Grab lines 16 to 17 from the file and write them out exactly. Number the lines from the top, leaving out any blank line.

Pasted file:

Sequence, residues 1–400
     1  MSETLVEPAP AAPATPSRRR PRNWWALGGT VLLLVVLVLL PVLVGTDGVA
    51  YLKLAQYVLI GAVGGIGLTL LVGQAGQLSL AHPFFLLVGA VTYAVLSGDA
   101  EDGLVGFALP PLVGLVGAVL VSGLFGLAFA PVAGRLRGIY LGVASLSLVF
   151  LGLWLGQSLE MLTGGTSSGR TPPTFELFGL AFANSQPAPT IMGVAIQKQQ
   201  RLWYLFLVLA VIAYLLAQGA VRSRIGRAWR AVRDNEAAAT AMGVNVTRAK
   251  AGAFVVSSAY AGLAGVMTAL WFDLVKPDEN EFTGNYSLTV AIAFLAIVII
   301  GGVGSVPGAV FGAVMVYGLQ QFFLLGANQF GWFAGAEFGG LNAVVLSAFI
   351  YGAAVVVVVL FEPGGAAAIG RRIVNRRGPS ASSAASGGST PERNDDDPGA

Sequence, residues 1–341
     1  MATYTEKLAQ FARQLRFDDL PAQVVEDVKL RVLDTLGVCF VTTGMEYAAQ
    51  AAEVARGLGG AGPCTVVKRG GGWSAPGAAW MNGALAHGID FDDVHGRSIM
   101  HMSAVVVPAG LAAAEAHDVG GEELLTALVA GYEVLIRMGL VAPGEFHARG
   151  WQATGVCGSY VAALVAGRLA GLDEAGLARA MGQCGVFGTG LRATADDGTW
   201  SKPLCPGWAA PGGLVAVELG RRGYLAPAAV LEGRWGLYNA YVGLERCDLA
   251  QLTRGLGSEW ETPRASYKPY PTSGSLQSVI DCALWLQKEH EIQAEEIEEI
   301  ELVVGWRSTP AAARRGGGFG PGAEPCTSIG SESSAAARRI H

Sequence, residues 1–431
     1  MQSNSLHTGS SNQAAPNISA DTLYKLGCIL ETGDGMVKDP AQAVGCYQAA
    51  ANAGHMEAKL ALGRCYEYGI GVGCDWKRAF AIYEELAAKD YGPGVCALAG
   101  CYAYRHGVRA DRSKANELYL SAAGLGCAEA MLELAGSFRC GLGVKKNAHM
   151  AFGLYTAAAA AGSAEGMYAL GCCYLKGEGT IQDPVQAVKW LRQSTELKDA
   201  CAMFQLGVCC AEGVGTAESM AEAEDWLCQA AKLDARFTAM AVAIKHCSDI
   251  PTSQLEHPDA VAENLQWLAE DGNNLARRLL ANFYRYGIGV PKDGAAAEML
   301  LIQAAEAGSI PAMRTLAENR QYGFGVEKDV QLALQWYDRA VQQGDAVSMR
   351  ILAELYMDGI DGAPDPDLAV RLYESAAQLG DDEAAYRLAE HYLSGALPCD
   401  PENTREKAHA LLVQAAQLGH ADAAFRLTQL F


   251  QLTRGLGSEW ETPRASYKPY PTSGSLQSVI DCALWLQKEH EIQAEEIEEI
   301  ELVVGWRSTP AAARRGGGFG PGAEPCTSIG SESSAAARRI H